Several issues have been further investigated to evaluate the possible use of the method in general blind docking predictions (unpublished results). It was found that the method can successfully apply to systems with more than one flexible part (see Figures 2 and 3), to systems where the flexible fragment occupies an important fraction of the structure (30% for CDK2-cyclin complex, PDB code 1FIN) or where it can span a large accessible volume (α-β, γ subunits of transducin, PDB code 1GOT). For both cases 1FIN (Figure 2) and 1GOT (Figure 3), when the correct conformation was present in the copy ensemble, the algorithm ranked first solutions close to the native complex structure and correctly selected the bound forms for both the loop and the domain. Figure 3B shows two structures corresponding to two different clusters of solutions, a solution close to the experimental complex (left) and an alternative positioning of the ligand, favored by a different orientation of the helix in yellow (right). The energy score clearly discriminates the near-native structures from other potential solutions.

Tolerance of the method to structural inaccuracies was investigated in the case of the flexible helix of 1GOT. When the crystal helix position was absent from the conformer ensemble, and ab initio constructed helices were superposed on each of the nine remaining copies, the closest copy (5Å deviation on atoms) did not favor the correct positioning of the ligand. In the simulation displayed in Figure 4B (left), the best ranking solutions present a correct positioning, but with a selected helix conformation deviating by 21Å from the crystal helix. When the closest copy deviated by 1Å from the crystal instead of 5Å, it displaced the 21Å copy and was selected in near-native solutions with improved interaction energy (Figure 4B, right).

Combined together, these results raise two issues: the first one concerns the quality of the conformer ensemble (spatial density and extent) that is necessary to reach an accurate prediction. To our knowledge, this issue has not been extensively investigated in the cross-docking studies. It has been addressed in the case of the multi-copy/mean field approach of loop flexibility by Loriot et al.. [60]. In this work, the spatial density of the conformers in the multi-copy ensemble was optimized using a greedy algorithm, in order to span the whole space available to the loop with the minimum number of conformers. Spatial dispersion of the conformers is an important factor in this method since local conformer accumulation may bias the mean field resulting from the copy ensemble. In the four tested protein-protein cases, it was found that total coverage of the available space could be achieved using ten to twenty copies.

The second issue addresses the methodological problem of interface “reconstitution” from two or more structural elements. As illustrated in Figure 3, highly ranked solutions resulting from the multi-copy/mean field approach generally present a continuous, yet composite interface, with one part belonging to the rigid portion of the flexible protein and the complement to the flexible part. The problem may therefore be put in terms of the generation of a complementary fraction of the rigid interface part, from the refolding/positioning of the flexible part. Interestingly, correct position/orientation of the ligand could be obtained for highly ranked predicted structures even for limited spatial density of the conformer ensemble, which also limits the probability to include a conformer close to the experimental structure in the copy ensemble. In one interesting case [59], the interface between a flexible loop and the association partner could be almost entirely reconstituted from a misfolded conformer, which positioned key loop residues at favorable positions (Figure 5). More often, it was found that in the tested cases, only few residues from the flexible parts needed to interact with the docking partner for the resulting complex to increase its interaction energy above the background noise (results not shown). While the generalization of this observation remains to be established, the notion of composite interface rebuilding appears to constitute an important component of the success of two flexible docking search methods presented below, which deal with large amplitude interface flexibility.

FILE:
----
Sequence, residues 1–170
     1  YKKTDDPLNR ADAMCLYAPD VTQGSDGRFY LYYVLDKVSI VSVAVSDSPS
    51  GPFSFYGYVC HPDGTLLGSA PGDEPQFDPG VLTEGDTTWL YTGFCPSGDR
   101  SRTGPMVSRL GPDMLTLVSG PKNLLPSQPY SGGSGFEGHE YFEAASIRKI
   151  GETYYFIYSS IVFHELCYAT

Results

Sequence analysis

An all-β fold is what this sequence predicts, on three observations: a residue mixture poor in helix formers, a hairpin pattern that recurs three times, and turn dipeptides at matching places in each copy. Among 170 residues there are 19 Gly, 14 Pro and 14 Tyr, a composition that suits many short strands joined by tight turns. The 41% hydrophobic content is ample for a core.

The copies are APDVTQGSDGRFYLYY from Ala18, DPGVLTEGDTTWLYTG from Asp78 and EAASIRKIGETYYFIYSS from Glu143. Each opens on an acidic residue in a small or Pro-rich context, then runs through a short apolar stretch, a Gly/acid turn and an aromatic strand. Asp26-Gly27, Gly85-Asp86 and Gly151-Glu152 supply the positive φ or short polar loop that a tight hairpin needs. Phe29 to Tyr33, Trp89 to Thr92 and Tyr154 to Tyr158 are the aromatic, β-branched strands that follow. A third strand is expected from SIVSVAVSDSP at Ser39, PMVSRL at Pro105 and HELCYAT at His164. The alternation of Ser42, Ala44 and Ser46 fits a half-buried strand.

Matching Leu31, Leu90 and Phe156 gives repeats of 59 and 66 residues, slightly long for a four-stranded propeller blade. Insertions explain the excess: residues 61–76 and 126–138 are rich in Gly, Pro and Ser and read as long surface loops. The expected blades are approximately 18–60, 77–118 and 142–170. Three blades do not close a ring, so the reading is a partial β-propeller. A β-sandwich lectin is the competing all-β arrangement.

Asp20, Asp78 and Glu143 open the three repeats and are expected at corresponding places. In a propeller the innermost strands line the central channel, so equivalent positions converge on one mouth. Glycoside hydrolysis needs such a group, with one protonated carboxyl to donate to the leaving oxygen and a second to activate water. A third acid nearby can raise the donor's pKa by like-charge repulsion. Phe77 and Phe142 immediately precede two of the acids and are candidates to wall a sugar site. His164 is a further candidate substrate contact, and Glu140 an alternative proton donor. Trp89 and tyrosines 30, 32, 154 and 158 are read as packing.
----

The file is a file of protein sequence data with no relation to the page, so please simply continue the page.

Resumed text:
3.2.4. Multi-Component Docking

When the protein deformation is composed of hinge motions between two or more domains, it is possible to artificially split the flexible domains and to separately assemble them with the partner of association within multibody docking algorithms [61,62]. While the approach developed by the Eisenstein group was a multibody, multistage approach (docking D1 to L, D2 to L then D1 to D2-L and D2 to D1-L, where D1, D2 are two domains of the receptor moving independently as rigid bodies, and L is the ligand), the groups of Nussinov and Wolfson have developed a high performance algorithm, built on geometric hashing techniques, to generate topologically feasible and energetically favorable complexes with composite interface, starting from the results of an initial set of two-body docking simulations [61,63,64]. The algorithm was initially developed to performing multi-macromolecular docking (CombDock [63,65], which requires the resolution of a highly complex combinatorial search problem. The only difference with flexible hinge domain docking is that specific restraints were added to the process to ensure that the split protein can be reconstructed at the end of the process. A consequence is that it can be applied to proteins where the arrangement of several domains is modified upon association. The high velocity of the docking search method, based on the comparison of surface descriptors for each partner of association [17], makes it possible to routinely run flexible docking simulations involving hinge-type domain motions [61]. The adaptation of multi-macromolecular docking to hinge domain flexible docking via the introduction of restraints appears particularly well adapted to data-driven type docking methods like HADDOCK [66]. Since multi-macromolecular docking facility was recently introduced into the HADDOCK web server [67], it is now possible to perform hinge domain flexible docking on the HADDOCK Web server (http://hadock.chem.uu.nl).